240 South Ave.
This hidden historical gem, located in the southeast sector of the Village, is nestled amongst mostly mid-20th century residences. The multi-acre property is dotted with numerous mature sycamore, maple, and coniferous trees and the house itself is set back a bit from the roadway. It appears to have been constructed in the 1930s and is characteristic of 1920s-30s Colonial Revival style. Original details include wood shingle siding, louvered shutters, brick end chimneys, and half-fan gable windows.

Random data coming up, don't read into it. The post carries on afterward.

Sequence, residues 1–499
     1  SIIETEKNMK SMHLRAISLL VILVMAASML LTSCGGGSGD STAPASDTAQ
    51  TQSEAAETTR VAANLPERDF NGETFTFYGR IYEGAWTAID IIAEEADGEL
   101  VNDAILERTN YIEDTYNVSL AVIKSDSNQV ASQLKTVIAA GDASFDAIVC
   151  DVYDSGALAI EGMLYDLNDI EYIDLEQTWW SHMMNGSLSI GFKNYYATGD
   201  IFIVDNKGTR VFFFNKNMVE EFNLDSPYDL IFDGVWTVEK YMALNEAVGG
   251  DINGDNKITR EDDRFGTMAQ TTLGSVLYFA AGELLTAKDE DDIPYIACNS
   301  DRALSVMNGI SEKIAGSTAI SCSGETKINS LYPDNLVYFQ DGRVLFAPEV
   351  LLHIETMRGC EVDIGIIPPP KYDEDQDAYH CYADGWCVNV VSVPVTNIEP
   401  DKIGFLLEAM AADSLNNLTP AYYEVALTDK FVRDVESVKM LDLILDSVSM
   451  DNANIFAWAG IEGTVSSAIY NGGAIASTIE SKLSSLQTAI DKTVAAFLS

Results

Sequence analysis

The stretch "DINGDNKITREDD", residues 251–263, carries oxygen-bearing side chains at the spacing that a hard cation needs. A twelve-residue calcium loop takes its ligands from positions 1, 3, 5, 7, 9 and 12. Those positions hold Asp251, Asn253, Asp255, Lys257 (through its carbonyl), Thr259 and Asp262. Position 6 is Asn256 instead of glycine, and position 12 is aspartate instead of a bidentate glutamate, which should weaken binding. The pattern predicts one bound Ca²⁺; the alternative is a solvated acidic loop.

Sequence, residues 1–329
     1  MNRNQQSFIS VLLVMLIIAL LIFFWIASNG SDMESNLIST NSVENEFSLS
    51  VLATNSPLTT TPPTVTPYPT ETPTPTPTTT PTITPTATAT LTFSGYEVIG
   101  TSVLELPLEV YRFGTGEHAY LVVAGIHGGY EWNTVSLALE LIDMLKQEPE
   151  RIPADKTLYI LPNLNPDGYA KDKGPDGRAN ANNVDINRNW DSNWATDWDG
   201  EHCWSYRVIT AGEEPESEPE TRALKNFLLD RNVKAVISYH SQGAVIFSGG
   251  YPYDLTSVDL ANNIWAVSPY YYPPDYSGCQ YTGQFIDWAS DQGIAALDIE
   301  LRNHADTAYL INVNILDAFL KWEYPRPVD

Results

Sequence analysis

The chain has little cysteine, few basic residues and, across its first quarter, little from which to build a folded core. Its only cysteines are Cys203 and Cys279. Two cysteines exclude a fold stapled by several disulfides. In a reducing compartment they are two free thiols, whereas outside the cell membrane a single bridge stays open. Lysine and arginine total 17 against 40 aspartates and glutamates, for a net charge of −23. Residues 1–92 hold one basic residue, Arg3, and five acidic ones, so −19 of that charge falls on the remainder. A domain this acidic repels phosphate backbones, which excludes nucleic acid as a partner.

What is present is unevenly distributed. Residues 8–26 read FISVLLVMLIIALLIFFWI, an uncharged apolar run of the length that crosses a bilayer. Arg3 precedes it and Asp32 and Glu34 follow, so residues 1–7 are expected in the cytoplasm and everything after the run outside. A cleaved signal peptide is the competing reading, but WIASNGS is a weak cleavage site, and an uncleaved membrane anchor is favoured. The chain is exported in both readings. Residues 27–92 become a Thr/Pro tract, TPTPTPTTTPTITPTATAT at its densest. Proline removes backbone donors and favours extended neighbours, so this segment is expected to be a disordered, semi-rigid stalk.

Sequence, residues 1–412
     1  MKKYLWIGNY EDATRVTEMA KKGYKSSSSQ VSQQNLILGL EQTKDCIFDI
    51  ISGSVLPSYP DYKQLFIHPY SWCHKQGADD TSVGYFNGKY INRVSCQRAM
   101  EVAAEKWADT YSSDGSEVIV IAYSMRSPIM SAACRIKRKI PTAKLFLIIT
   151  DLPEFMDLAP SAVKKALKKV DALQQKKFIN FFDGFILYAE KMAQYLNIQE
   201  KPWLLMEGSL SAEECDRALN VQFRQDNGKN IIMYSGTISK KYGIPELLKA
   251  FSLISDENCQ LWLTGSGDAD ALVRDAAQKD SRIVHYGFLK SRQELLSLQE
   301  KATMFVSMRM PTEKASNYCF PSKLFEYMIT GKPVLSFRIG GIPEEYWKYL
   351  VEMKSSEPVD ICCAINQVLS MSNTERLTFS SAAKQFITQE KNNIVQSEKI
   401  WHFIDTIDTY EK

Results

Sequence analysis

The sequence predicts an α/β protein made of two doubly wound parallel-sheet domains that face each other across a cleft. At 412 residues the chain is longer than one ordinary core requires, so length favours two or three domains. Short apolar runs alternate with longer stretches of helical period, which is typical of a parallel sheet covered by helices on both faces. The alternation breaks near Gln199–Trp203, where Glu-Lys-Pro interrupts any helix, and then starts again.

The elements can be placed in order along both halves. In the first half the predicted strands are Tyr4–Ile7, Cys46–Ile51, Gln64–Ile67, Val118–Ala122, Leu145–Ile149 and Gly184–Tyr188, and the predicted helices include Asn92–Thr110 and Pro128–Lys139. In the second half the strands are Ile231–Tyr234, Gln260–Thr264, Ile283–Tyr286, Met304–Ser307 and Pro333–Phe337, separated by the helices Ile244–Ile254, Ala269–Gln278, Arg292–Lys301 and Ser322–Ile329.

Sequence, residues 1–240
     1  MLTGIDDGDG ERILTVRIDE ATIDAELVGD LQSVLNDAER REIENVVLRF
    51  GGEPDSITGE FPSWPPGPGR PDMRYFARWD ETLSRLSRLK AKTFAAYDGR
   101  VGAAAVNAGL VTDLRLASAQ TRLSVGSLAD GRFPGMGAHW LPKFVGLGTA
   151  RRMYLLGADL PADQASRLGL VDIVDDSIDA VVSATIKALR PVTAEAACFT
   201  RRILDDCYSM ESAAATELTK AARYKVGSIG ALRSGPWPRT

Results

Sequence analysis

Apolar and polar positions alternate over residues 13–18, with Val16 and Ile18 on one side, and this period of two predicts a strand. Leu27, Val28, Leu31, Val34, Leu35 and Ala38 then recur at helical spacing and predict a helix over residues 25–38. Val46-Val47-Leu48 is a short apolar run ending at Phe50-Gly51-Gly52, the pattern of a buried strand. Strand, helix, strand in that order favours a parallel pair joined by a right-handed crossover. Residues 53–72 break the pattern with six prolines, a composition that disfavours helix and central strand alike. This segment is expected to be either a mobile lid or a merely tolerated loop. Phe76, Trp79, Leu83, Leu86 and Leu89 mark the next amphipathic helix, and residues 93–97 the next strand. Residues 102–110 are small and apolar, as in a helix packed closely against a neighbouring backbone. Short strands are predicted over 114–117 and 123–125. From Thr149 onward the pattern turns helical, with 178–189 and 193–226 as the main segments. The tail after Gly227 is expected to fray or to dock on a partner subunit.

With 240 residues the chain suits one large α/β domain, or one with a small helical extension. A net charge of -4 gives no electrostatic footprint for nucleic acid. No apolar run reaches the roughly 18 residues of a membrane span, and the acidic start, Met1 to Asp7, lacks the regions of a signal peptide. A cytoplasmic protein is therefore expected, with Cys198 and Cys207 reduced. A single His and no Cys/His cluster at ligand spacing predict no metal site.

The house was built by Thomas N. Nagle, a well-known Webster businessman who owned Amaco Oil Company. He operated a dairy farm on South Avenue from 1942 to 1956. It’s worth noting that the structure is the largest example of the Colonial Revival housing type in the Village of Webster. The handsome landscaping and mature trees add even more character to this shining example of c. 1930s architecture.